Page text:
"During his schooling he made a particular study of mental telepathy and, it is claimed, became something of an expert in the science of thought transference," someone else said. Correspondence courses in hypnotism were popular at the time, courses that promised to "make women bend to your will."
A look that cast a spell? Mental telepathy? The science of thought transference? And these are statements made by people in this story who weren't eventually committed to the insane asylum.
As ludicrous as these all sounded, they were easier to accept than the idea that Creffield was God's exclusive messenger. But this is jumping ahead, for Creffield hadn't always held such power over people. In 1899 he was a soldier in the Salvation Army in Portland, Oregon, preaching with mixed success to anyone who would listen to him. When the Salvation Army had "opened fire" there twelve years earlier, they hadn't exactly been held in the highest esteem either. Thought of as a group of religious crackpots, they were routinely spat upon, pelted with rotten eggs, vegetables, and rocks, all the while thanking their tormenters, saying the attacks strengthened their determination. It was enough to drive the less righteous crazy.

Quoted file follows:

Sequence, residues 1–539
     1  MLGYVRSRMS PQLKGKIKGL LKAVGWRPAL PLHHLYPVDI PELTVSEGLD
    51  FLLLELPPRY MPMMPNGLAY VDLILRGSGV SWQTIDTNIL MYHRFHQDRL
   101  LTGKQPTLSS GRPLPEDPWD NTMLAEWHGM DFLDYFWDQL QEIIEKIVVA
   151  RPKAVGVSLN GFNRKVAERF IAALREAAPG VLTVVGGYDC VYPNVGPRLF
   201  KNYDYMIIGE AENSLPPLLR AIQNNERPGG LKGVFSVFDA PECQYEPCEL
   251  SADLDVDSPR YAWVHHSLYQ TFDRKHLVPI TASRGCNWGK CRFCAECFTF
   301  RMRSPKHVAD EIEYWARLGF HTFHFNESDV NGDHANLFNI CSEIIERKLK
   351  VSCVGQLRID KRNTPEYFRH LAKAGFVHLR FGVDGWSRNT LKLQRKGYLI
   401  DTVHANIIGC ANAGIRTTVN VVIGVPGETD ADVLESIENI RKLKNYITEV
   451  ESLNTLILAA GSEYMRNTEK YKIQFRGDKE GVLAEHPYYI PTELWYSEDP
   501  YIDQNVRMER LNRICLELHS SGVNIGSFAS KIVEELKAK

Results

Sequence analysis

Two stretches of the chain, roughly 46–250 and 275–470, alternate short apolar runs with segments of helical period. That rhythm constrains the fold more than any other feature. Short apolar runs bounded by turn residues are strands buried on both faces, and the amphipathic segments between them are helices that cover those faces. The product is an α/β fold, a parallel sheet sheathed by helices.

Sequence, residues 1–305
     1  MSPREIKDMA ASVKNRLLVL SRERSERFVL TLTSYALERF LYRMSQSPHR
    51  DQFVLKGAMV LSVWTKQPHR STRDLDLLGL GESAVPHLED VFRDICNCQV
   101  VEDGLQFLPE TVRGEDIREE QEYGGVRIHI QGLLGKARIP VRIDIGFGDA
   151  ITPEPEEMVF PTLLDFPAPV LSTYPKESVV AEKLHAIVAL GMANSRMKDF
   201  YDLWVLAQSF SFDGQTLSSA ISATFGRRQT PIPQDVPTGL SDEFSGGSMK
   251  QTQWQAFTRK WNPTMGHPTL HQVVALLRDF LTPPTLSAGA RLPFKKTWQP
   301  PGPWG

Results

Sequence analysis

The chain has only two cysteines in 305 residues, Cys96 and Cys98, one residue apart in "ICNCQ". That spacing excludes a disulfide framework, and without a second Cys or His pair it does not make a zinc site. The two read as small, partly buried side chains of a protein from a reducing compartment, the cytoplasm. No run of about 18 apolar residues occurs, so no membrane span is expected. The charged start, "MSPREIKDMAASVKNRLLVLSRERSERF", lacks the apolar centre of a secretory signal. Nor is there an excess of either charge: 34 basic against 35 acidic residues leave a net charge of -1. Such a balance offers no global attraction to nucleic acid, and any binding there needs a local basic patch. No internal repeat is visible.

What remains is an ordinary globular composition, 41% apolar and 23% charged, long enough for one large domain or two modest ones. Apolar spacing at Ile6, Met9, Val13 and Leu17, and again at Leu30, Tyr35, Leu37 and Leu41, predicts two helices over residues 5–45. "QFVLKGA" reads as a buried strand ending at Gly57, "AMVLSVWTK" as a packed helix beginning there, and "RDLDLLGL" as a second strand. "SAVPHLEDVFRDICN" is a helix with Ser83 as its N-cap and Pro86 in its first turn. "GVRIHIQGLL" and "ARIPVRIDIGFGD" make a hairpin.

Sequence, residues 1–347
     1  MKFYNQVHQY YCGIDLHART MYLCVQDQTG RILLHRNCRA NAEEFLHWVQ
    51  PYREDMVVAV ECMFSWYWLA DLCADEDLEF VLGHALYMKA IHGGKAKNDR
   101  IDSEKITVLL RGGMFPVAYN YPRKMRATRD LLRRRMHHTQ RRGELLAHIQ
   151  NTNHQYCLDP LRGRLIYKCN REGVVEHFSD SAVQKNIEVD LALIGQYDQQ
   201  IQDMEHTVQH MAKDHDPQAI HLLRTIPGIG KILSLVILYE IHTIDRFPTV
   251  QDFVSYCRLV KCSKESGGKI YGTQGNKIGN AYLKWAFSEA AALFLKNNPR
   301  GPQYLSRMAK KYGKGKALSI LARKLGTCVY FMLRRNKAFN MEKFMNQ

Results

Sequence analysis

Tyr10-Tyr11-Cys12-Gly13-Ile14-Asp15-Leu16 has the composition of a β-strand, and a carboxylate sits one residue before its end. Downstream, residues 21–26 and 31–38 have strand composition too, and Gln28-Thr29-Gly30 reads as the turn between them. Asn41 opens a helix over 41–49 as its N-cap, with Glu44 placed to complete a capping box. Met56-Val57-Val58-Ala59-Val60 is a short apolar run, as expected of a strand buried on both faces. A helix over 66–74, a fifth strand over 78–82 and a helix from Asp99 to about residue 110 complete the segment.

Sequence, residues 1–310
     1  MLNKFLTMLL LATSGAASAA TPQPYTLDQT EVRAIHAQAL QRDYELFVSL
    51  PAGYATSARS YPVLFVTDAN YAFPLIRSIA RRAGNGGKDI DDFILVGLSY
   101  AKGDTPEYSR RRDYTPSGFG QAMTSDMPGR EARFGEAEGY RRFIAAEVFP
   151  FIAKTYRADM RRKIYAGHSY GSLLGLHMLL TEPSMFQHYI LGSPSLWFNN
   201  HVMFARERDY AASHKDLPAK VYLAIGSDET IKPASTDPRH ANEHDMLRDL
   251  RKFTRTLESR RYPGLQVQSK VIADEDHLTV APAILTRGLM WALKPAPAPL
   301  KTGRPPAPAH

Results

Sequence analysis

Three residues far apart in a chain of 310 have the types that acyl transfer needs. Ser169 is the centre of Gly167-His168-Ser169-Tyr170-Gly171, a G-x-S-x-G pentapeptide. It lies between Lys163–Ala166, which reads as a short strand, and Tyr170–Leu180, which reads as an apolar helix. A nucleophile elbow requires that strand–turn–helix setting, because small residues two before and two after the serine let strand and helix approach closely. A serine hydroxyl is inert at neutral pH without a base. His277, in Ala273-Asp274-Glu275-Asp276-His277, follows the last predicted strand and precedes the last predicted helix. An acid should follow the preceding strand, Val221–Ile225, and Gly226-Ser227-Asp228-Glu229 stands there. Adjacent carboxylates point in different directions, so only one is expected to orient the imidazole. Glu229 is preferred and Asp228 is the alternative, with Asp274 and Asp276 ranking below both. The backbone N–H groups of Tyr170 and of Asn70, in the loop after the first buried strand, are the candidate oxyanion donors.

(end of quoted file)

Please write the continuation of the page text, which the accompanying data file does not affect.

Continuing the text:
By the time Creffield joined the organization, the Salvation Army had gained a certain amount of respectability. Initially it was thought he might make a promising officer and was sent to Officer-Training School. His halo soon tarnished, though, as he began quibbling with his fellow soldiers--often about money because wherever he was posted--The Dalles, 85 miles east of Portland; Oregon City, 13 miles south of Portland; McMinnville, 40 miles south-west of Portland; and Heppner, in eastern Oregon--donations plummeted. Donations were everything to the Salvation Army--or so Creffield claimed.